5 Days in May

My accent gives me away.

People then leap to the assumption I am American, which I quickly correct before they ask if this trip is my first time in the country. My response immediately induces a smile and the understandable question: “So how do you like South Africa so far”?

With a sheepish grin I confess to having seen very little beyond the boundaries of my hotel, a handful of government buildings, their internal workings and whatever sights observed through the window of the vehicle transporting us between locations in Pretoria. For these past five days in May, my experience has been limited to meetings and conversations within the confines of business rooms, hotel restaurants and the adjacent bar. The sun drops below the horizon by 5:30 in these winter months, when the working day is over, further reducing the opportunities for sight seeing. Save for the people themselves, I could have been in any small city in Europe.

There are some differences, systemic and quirky. Driving on the left hand side of the road, for example, confounds me every time I step into the vehicle. As a passenger, I find the ride disconcerting. Of course the driver navigates the streets with ease while I cringe thinking he is proceeding into the wrong lane and we are going to crash. Right turns appear too wide; left turns feel as if taking a short cut. When it is the only car on the street, I assume it is a one way; and I startle whenever another zips past in the other direction, on our right. Perhaps I would acclimatize more quickly if I were driving myself. Or not!

Had I been at the wheel when the blackout started, my response may have been questionable. On two occasions, retuning to our hotel after dark, the power kicked out across the city without forewarning or apparent cause. The South Africans did not blink an eye. Another day, another power outage. Moments later a scattering of buildings and business flickered into full illumination because they had invested into a generator for these regular occurrences. The street lights and the traffic lights (‘robots’ as per one colleague) remained unlit as drivers proceeded, traversing each intersection as a four way stop. No fuss, no horns, just carrying on. Slower movement and some longer waits, all in keeping with the expected norms. Eventually power is restored. The next day, at almost the exact time, power went out again on our trip. Yawn.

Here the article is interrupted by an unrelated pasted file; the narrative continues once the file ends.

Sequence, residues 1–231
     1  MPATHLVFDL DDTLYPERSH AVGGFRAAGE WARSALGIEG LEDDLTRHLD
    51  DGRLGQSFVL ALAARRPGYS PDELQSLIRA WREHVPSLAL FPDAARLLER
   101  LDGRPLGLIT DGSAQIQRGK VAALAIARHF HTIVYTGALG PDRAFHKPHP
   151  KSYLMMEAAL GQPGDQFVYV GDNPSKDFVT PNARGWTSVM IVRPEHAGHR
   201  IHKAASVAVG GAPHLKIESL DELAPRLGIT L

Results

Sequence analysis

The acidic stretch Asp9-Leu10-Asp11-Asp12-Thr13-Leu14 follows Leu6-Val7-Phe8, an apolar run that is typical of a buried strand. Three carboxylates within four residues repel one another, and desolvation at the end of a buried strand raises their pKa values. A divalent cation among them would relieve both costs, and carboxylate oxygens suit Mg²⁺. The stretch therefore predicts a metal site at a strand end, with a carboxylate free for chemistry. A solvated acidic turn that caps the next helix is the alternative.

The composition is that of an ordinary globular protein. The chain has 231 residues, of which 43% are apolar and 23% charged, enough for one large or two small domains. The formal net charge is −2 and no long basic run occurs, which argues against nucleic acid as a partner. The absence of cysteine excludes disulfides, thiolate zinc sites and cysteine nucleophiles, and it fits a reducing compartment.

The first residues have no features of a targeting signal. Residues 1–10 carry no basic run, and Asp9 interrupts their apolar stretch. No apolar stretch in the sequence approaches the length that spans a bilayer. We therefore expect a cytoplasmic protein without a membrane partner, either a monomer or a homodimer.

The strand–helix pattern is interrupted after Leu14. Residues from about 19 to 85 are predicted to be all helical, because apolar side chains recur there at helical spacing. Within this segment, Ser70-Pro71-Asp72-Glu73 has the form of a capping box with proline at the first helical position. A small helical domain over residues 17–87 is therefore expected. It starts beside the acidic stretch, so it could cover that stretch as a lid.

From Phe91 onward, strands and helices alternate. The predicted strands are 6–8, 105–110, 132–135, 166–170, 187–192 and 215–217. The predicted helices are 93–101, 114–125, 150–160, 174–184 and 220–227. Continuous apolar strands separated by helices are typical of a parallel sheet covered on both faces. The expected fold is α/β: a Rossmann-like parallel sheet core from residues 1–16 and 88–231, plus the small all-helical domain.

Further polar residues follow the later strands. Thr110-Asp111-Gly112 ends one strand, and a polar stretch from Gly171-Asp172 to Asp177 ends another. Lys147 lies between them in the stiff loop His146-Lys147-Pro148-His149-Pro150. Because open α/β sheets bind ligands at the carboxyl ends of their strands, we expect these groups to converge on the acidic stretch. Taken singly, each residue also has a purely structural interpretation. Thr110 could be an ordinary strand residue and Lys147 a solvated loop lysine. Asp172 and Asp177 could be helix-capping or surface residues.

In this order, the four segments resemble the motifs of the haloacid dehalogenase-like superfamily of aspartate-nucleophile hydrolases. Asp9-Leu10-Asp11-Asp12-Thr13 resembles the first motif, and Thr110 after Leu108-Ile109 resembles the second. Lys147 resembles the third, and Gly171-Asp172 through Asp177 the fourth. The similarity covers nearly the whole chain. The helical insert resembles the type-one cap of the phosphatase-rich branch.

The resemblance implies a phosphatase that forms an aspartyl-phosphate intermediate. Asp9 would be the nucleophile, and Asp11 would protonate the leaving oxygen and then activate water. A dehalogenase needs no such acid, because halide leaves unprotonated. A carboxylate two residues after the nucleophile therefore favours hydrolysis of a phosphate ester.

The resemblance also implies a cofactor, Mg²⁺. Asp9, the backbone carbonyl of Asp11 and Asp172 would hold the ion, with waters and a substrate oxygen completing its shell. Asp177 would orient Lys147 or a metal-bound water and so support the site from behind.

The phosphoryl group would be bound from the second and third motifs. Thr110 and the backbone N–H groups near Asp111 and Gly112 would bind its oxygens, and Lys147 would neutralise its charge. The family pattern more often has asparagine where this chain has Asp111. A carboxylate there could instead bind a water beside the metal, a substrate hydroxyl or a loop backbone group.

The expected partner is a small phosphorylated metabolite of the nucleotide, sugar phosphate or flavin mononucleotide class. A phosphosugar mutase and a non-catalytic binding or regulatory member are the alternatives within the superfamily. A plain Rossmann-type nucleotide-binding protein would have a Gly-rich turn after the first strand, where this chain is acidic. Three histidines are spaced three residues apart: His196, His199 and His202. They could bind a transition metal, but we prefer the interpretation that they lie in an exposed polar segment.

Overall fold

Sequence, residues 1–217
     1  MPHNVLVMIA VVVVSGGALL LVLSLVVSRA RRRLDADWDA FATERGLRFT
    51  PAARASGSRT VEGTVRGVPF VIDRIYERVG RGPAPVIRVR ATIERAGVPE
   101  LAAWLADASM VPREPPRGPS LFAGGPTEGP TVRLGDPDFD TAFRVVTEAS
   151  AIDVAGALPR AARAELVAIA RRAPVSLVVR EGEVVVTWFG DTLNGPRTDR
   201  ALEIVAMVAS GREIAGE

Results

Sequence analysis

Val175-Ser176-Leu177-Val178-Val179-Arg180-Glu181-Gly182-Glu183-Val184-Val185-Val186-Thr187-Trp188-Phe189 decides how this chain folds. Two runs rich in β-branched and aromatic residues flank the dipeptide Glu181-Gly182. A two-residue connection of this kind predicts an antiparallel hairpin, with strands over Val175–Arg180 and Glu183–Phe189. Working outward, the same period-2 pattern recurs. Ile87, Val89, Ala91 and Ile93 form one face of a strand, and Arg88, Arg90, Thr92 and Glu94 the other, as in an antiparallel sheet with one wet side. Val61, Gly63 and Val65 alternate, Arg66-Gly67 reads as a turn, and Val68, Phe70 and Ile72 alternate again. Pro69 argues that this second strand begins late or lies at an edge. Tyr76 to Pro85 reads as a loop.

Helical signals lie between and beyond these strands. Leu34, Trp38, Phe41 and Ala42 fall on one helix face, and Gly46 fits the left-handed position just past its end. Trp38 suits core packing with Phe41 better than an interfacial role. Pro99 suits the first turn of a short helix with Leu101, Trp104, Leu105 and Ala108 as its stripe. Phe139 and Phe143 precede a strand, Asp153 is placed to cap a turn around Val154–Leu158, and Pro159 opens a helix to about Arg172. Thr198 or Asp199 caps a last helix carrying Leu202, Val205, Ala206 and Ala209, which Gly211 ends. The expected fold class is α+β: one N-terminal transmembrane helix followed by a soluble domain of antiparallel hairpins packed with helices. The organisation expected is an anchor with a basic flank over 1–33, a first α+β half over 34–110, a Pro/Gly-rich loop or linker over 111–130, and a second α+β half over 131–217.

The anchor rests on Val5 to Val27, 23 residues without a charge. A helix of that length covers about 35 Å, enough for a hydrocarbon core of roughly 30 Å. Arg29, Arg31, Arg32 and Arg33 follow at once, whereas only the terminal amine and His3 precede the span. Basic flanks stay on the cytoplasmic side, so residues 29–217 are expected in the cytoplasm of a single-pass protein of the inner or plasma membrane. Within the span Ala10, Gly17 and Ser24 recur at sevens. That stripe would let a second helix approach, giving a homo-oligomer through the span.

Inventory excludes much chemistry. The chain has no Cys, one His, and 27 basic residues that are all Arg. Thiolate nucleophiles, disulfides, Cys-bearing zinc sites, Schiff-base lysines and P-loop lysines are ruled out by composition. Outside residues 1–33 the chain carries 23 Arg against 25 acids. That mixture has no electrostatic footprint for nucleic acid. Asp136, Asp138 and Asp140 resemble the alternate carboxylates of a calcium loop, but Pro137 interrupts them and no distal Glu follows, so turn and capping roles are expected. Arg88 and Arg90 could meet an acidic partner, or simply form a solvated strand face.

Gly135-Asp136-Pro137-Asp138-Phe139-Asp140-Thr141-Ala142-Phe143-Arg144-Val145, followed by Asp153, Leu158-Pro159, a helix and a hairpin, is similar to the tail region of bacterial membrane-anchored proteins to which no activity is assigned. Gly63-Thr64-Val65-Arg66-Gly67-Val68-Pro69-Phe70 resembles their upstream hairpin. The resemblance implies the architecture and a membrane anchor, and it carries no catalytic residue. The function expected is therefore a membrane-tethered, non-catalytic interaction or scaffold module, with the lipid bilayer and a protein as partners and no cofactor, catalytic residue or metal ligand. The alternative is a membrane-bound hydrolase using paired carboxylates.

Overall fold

Some of the quirkiness was noticed at the hotel, my home for these five days. It operates as a small conference center with numerous public bathrooms. The set up is familiar, the bathroom signs were not.

I smiled when my search for the facilities uncovered them. Perhaps the designers were remembering their experience in meetings and conferences where coffee is consumed one after another after another out of habit and availability. All that liquid needs to be released at some point.

The predominance of instant coffee in Africa is amusing. During my time in Tanzania and again here in South Africa, instant coffee is common. And not just your regular freeze dried version, but powdered as well, all flavoured with chicory specifically for the continent.

The coffee “machine” in the room is a kettle.

My African colleagues recalled how the testing by large purveyors of coffee products had shown African’s preferred the additional taste and consumed it in larger numbers.

The days had been melding together and then Friday happened. At four o’clock I was officially “off the clock”. One colleague had family in Pretoria and we were invited for dinner consisting of oxtail, stump pot, roasted vegetables and salad. We left immediately to the home situated above the city to catch the sunset for the first time.

We had a very enjoyable evening of drink and conversation, exchanging stories and laughter from each of our respective countries and perspectives. Indeed, everyone with whom I have encountered has been welcoming and warm, genuinely interested in my well being and comfort. Sure there is an element of novelty, someone from Canada tends to prompt a number of questions about geography and weather, economics and politics. The interest is also in you, as a person, ensuring your time in their city, their country is enjoyable.

My remaining time will include sightseeing in Johannesburg and a one day safari, the standard itinerary of international travelers here. In these 5 Days in May I have enjoyed my interactions with the people of South Africa and with them have come to learn a great deal more of the country, one where I would excitedly return.

How will you ever know
The way that circumstances go
Always gonna hit you by surprise

One thought on “5 Days in May

  1. What a pity you cannot see more of the country that is home to me! We spent the day in the company of hundreds of elephants in the Addo Elephant National Park and drove home as the sun was nearing the horizon, casting a golden glow on the countryside. Tonight – how happy are we – our suburb is missing out on load shedding. South Africans have long ago learned to accept such nuisances in their stride. We dodge potholes, go days sans water, deal with electricity cuts … yet I wouldn’t change the country for anything!


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